Implementing the Mixed Instrumental Ensemble Practice in Japan: The Application of Instructional Template (IT) and Flow Assessment

Implementing the Mixed Instrumental Ensemble Practice in Japan: The Application of Instructional Template (IT) and Flow Assessment

Shizuka Sutani (Okayama University, Japan), Taichi Akutsu (Seisa University Japan, & Shujitsu University, Japan) and Richard K. Gordon (California State University, USA)
DOI: 10.4018/978-1-5225-1894-5.ch010


This chapter investigates the cases of implementing the mixed instrumental ensemble practice in the field of music education in Japan; it rests on the believe that considering music as social phenomenon and human practice with interaction. This study sets two specific aims as follows: to blend various different kinds of musical instruments in ensemble settings. Particularly, in the process of implementing the practice, researcher designed Instructional Template (Gordon, 2015) was applied as a tool to foster and organize classroom interaction among learners and teachers. This study also explores the possibility to assess the affective component of music learning in practice. Custodero's (1998, 2005) Flow Indicators in Musical Activities was cited to examine learners' flow experiences. Implementation of the mixed instrumental ensemble practice fostered interaction among learners; thus, students experienced flow in more varietical ways in their social/musical context.
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This chapter investigates cases of implementing mixed instrumental ensemble practice during music education by applying Gordon's (2015) Instructional Template, and Custodero, (1998, 2005) Flow Indicators in Musical Activities (FIMA); the research rests on the belief that music learning and playing is a social phenomenon and human practice requiring intense social interaction and collaboration.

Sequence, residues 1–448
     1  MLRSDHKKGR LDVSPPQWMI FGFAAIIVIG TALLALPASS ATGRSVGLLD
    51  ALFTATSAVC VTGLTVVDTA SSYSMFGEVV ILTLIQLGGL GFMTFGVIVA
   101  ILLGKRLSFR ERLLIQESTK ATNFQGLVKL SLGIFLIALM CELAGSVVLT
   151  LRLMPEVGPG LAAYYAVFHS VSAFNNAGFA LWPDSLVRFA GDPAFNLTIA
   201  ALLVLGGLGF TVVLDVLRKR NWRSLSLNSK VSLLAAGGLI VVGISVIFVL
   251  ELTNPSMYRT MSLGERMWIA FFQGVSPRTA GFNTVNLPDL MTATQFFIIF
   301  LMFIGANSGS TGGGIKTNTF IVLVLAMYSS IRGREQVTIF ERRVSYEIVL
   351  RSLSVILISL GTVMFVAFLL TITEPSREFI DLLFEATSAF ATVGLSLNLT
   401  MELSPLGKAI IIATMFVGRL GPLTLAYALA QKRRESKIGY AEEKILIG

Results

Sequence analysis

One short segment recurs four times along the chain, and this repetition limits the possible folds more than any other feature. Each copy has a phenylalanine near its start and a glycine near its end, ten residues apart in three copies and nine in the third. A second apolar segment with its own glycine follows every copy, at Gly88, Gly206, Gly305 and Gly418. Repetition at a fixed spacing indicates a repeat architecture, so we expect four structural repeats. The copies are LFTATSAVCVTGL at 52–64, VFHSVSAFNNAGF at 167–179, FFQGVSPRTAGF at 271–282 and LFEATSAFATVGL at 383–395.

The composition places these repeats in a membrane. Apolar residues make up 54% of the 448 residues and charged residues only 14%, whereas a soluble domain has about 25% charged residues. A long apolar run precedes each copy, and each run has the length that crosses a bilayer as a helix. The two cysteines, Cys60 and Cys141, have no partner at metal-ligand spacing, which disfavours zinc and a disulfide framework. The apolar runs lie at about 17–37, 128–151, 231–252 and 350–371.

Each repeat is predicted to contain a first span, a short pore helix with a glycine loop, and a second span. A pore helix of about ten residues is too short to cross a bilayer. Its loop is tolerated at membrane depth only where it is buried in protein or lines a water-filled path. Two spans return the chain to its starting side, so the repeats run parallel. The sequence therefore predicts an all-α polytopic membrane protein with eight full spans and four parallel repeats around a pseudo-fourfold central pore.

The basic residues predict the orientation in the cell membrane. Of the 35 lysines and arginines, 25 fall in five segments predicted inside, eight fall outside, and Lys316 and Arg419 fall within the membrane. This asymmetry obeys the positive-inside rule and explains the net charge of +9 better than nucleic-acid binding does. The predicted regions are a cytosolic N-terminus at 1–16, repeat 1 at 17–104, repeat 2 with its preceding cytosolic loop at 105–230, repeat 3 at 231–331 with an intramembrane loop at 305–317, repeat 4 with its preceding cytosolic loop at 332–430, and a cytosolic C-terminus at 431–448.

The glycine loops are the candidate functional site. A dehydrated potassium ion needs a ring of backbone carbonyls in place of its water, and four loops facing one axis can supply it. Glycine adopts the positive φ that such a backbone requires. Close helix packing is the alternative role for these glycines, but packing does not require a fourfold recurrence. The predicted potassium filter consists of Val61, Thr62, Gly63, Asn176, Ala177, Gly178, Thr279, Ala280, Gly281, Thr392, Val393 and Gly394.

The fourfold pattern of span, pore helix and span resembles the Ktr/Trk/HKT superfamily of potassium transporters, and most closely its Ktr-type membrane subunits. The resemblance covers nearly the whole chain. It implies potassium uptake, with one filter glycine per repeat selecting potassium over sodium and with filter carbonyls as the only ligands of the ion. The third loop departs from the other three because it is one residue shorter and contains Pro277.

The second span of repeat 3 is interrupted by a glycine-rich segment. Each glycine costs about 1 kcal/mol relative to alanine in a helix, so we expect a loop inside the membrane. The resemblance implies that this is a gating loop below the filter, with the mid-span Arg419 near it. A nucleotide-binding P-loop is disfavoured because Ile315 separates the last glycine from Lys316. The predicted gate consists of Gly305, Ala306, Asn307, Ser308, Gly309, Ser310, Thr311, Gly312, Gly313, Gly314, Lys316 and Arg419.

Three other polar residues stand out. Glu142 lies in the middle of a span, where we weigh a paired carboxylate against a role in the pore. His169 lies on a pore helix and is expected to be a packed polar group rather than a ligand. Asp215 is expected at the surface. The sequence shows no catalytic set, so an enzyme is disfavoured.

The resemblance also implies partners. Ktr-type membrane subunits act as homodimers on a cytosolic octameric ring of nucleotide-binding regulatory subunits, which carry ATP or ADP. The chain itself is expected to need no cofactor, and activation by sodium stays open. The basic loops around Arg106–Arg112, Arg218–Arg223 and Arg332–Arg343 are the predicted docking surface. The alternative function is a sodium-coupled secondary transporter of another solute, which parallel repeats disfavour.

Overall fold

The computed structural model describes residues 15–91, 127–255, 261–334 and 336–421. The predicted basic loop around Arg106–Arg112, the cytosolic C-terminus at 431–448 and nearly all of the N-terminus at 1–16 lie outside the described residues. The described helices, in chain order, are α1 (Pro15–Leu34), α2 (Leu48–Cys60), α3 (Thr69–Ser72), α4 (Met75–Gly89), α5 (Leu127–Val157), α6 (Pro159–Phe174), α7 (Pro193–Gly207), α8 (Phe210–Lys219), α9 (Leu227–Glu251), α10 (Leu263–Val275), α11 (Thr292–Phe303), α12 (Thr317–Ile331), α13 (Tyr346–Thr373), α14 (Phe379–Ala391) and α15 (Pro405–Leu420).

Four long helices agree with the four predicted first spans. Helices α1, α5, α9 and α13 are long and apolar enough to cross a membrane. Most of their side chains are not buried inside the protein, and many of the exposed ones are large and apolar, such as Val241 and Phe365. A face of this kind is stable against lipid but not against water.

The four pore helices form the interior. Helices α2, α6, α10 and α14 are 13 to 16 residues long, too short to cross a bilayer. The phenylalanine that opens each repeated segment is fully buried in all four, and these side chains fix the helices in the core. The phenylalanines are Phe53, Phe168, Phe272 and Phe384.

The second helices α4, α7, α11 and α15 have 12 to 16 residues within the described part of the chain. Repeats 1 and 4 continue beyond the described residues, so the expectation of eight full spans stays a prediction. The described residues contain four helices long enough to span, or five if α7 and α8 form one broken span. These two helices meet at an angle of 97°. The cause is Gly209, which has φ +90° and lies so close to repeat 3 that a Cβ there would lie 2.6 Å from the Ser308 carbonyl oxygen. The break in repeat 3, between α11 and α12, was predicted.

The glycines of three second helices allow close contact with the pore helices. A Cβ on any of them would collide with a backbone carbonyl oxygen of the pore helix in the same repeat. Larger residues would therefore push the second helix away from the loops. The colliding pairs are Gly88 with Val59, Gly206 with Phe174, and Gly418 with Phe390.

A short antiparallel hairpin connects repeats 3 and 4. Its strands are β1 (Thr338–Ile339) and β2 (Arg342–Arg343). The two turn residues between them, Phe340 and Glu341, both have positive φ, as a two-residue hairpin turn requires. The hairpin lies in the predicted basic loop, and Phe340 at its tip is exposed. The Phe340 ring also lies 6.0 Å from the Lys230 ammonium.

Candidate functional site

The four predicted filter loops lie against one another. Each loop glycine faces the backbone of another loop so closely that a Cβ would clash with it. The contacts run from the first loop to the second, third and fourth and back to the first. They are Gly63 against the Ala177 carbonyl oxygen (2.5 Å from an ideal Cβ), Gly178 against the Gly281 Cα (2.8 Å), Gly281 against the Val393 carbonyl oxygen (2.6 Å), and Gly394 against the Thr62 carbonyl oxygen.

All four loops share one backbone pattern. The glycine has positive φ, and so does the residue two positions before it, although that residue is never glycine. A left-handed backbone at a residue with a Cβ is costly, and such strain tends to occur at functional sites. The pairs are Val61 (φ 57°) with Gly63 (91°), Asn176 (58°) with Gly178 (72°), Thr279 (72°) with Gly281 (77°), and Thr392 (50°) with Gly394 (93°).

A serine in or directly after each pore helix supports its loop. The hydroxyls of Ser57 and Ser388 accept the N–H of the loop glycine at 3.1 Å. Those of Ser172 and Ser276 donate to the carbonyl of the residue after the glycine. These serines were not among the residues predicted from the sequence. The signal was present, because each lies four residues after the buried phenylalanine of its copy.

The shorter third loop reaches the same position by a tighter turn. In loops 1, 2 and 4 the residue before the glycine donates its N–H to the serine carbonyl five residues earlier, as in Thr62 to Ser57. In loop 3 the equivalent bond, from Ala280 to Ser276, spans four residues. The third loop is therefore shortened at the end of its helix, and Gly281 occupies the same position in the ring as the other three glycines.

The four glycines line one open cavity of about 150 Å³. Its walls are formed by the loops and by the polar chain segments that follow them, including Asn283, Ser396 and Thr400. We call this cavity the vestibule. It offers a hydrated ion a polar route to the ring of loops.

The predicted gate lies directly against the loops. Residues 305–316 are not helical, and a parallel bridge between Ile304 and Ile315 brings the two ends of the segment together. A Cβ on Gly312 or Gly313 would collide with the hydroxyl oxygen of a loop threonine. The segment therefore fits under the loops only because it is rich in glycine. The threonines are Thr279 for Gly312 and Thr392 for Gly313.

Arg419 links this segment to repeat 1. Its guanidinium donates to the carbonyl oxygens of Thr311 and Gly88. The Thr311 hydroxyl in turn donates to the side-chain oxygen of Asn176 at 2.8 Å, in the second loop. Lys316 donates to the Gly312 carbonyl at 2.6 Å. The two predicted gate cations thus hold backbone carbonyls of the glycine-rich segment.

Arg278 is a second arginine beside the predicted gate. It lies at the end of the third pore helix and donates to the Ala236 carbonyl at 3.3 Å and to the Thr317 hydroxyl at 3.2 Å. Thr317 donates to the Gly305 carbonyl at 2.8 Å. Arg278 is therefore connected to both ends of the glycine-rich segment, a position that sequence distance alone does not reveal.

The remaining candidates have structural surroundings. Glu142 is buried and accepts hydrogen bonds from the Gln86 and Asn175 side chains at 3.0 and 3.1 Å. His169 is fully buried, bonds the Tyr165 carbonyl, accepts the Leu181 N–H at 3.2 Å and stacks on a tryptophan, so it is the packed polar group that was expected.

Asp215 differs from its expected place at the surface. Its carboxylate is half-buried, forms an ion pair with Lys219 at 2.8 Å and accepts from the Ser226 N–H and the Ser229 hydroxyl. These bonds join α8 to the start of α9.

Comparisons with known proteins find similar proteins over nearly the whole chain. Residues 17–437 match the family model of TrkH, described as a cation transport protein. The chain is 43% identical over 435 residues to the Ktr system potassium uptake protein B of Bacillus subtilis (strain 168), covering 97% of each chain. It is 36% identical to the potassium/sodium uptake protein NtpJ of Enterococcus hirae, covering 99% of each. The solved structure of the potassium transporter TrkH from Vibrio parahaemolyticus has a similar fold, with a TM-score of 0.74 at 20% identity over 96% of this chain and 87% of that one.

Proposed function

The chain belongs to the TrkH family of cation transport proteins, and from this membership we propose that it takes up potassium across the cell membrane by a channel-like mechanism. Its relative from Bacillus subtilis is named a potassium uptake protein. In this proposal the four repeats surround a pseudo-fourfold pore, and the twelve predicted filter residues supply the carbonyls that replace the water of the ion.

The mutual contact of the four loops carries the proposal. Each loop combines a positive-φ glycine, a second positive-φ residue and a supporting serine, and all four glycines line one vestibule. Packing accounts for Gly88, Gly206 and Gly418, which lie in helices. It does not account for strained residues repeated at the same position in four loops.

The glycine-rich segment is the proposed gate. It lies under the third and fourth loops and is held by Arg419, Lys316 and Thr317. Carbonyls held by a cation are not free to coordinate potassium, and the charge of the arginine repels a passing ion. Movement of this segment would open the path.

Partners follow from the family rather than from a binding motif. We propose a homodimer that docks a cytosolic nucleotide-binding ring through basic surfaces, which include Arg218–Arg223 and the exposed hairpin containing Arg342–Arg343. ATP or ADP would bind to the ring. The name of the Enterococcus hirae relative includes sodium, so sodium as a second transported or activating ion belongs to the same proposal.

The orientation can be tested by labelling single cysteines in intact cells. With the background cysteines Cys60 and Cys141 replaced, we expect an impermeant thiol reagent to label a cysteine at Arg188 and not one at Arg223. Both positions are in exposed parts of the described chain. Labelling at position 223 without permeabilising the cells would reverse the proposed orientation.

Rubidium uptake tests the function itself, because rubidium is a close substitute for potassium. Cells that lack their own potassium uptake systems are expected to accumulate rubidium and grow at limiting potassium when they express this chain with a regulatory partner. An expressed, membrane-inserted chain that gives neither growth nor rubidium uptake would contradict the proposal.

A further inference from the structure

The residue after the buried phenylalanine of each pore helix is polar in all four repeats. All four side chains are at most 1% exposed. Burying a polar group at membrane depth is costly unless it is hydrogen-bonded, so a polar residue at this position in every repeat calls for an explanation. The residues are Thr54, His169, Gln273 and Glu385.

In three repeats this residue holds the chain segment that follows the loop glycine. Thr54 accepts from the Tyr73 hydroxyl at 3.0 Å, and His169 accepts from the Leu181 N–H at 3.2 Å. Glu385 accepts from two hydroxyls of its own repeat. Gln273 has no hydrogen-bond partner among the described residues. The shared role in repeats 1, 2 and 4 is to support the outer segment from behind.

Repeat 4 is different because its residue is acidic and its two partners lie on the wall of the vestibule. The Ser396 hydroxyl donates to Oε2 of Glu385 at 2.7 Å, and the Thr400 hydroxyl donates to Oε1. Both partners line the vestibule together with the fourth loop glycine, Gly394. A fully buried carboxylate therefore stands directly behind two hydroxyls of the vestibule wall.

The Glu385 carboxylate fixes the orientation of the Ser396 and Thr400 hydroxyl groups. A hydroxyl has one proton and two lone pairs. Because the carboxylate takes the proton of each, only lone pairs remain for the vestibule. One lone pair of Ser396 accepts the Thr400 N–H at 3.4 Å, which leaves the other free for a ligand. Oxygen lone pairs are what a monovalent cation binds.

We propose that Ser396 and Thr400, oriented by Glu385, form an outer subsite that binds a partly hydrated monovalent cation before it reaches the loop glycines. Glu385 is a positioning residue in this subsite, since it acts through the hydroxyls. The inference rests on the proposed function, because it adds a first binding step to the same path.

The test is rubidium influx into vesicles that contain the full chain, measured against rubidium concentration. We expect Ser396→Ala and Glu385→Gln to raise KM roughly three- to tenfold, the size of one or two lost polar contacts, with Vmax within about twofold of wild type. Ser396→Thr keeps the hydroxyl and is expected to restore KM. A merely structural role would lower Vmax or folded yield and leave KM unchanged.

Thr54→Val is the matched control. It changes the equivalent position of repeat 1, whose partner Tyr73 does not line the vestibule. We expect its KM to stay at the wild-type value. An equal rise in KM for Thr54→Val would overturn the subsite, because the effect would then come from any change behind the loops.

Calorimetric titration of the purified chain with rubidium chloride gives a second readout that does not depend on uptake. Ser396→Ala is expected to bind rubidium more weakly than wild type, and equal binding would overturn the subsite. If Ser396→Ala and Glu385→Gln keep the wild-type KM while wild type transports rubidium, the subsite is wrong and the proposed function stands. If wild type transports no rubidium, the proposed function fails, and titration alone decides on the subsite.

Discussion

Music was inextricably bound to social life in ancient Greece (Alperson, 1987). “The Greek word mousike referred primarily to a variety of practices involving melody, rhythm, words and gestures performed by amateurs, bards and dramatic actors” (p.4). The Greeks also became familiar with primary mixed instrumental music playing. Alperson (1987) emphasized the significance of music as human practice and warned that a philosophy of music that tends to rest on technical aspects will narrow understanding of the spirit of this art. Similarly, in the Confucian tradition, music was also a passionate humanistic activity. In China, music represented great enjoyment among ordinary people by creating harmony in musical ensembles through the employment of multiple types of instruments (Koyasu, 2010).

Nevertheless, music education, in our contemporary time, faces obstacles in regaining this joyful and collaborative spirit. Lamb (2010) suggests that music educators need to re-engage in music as a diverse socio-cultural practice. Lamb describes as follows:

The emphasis on interaction differs from the emphasis on music education as either skill or talents... By emphasizing the interaction and the meanings of these interactions to the individuals, groups, social structures... we gain much richer and deeper knowledge that subsequently demonstrates music as a meaningful and relevant educational endeavor (p.25).

Contemporary music educators tend to overemphasize an aesthetic dimension and performance rather than process. As a result, many music educators tend to focus on developing skills and talents of students exclusively. In the U.S., music education seeks “the longer list of achievement;” and “the obvious exclusion in this discipline is in the realm is affective” as Custodero (2010) overviews and criticizes the U.S. K-12 National Standards for Music Education (MENC, 1994).

In Japan, there is a negative view for mixing different types of instruments in ensemble settings encouraging socialization (Akutsu & Takeshi, 2013). Instead, ensemble organizations have been the dominating teaching model in music classes for many years. In fact, for past few decades, music classes in Japanese public school have taught recorder exclusively without much interaction among learners. The recorder is the primary and the only instrument students learn during their school years. Recently, some schools have added instruments such as koto and shamisen, the standard Japanese traditional instruments; however, most schools teach the single instrument, the recorder. To counter the static music education existing in many music education classes this study undertakes an examination of an experimental opportunity to implement mixed instrumental ensemble in Japanese music education practice.

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